'Seafarer': Awash in everything but water

Theater Review

May 24, 2011|By Mike Giuliano

Irish playwright Conor McPherson's "The Seafarer" features five male characters and many booze bottles sharing a Dublin living room on Christmas Eve. It's such a hard-drinking play that the Fells Point Corner Theatre production frankly seems right at home in this bar-saturated Baltimore neighborhood.

These guys would have the gift of gab even if they were sober. They raise toasts to the Christmas season and, for that matter, raise toasts to nothing at all. Needless to say, their language includes its share of profanity.

McPherson's humorously vulgar 2006 play does a very thorough job of immersing us in the moderately seedy house owned by Richard (Rodney Bonds), whose blindness is no obstacle for knowing how to find the bottles. Richard, who is in poor health, has been paid a sudden visit by his younger and generally healthier brother, Sharky (Greg Guyton).

Although he looks strong, Sharky is a psychological mess. As the play's title indicates, Sharky wanted to have a life at sea. However, his alcoholism scuttled those plans. Now more or less on the wagon, Sharky has been working as a chauffeur. He travels, but not in as adventurous a manner as he once hoped.

Sharky's disappointment in life places even more strain on his already-troubled relationship with Richard. The brothers are constantly getting on each other's nerves as they share the same depressing living space. Sharky is especially grossed out by having to play nurse to Richard's daily needs, which the play is not shy about sharing with the audience.

The play initially seems promising as a character study in which the two brothers have a love-hate relationship that veers towards the hate end of the spectrum. Both Greg Guyton and Rodney Bonds completely inhabit their roles as these squabbling siblings, but the actors unfortunately bear no physical resemblance to each other. This makes the play's fraternal references seem unintentionally puzzling. It's a nagging bit of casting that haunts the entire evening.

The arguments between Sharky and Richard escalate when two old friends pay a visit. Ivan (J.R. Lyston) and Nicky (Pat McPartlin) have come over to play poker. This production directed by Barry Feinstein is at its most enjoyable when all these guys trade insults with every hand of cards. There may not be a lot of forward momentum in the script during the poker game, but it's a rudely perceptive slice of life.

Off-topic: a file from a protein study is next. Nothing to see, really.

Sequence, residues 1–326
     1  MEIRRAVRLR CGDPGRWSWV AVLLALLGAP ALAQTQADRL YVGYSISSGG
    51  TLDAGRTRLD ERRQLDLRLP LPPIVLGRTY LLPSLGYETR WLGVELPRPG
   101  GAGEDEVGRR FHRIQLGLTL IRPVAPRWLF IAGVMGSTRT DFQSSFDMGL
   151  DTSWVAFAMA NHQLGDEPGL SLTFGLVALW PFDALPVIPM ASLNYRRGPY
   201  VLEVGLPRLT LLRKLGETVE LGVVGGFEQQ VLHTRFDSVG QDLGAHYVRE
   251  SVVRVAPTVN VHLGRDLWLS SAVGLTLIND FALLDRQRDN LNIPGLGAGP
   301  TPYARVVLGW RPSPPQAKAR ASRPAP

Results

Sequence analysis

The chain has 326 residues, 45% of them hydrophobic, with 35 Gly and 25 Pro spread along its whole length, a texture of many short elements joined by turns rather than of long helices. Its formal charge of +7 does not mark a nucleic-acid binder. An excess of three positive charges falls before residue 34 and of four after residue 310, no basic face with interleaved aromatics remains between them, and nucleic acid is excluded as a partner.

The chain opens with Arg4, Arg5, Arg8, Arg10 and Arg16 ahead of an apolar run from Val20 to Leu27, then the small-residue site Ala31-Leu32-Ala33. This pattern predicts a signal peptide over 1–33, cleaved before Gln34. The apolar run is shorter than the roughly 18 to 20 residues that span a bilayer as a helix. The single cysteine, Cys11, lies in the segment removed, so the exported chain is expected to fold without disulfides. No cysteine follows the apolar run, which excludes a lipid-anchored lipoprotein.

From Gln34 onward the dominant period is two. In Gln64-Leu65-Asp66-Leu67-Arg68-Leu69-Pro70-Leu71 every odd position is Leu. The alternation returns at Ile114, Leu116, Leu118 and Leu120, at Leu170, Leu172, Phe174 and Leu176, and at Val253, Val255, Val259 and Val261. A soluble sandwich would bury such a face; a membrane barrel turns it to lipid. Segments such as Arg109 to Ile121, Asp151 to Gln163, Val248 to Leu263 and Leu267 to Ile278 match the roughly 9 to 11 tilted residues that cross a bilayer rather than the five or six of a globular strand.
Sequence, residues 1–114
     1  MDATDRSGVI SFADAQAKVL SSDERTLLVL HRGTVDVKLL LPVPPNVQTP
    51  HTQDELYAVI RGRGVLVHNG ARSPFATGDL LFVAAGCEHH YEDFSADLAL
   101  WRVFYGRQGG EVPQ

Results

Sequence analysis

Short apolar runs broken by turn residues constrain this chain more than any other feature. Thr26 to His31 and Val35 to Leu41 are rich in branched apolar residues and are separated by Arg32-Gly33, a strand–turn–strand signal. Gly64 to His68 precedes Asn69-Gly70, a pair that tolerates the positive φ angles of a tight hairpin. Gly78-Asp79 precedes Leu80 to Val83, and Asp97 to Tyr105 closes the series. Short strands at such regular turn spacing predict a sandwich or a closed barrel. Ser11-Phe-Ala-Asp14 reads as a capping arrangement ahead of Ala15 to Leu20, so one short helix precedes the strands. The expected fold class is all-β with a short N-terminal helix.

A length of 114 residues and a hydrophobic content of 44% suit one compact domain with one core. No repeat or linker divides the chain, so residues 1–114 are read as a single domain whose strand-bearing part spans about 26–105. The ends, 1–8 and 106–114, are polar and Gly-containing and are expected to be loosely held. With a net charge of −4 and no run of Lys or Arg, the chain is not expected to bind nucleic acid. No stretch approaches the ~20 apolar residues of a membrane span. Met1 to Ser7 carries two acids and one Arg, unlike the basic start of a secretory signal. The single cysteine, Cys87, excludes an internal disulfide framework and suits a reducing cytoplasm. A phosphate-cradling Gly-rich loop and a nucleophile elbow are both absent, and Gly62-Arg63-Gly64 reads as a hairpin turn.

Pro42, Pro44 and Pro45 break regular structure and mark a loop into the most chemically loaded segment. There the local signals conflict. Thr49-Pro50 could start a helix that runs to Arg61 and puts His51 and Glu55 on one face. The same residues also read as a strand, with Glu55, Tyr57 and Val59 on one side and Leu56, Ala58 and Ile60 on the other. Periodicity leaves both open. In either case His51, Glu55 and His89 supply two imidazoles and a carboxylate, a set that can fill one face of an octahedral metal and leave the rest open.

Things become more problematic for these characters and also for the play itself by the introduction of an enigmatic stranger, Mr. Lockhart (Tom Blair), whose somber personality really makes him stand out from the constantly joking fellows he has joined for the card game.

"The Seafarer" gains dramatic momentum when Mr. Lockhart makes himself better known by confiding some crucial biographical information to Sharky. Although it would not be fair to prospective audiences to say anything more about Mr. Lockhart, let's just say that his identity qualifies as quite a revelation.

McPherson has deliberately established such a grungy everyday reality in this Dublin house that the extreme plot twist is likely to divide audiences as to whether or not they emotionally go along with it. This particular audience member had a response along the lines of "Oh, brother!," and ultimately wished the play did not go in the direction it goes.

If this plot twist leads to vigorous arguments after the show, well, there are plenty of waterfront establishments in Fells Point where you can continue the discussion over an Irish whiskey.

"The Seafarer" runs through June 5 at Fells Point Corner Theatre, at 251 S. Ann St., in Fells Point. Performances are Friday and Saturday at 8 p.m., Sunday at 2 p.m. Tickets are $17 Friday and Saturday, $15 Sunday. There's also a performance Thursday, June 2 at 8 p.m., with $10 tickets. Call 410-276-7837 or go to http://www.fpct.org.

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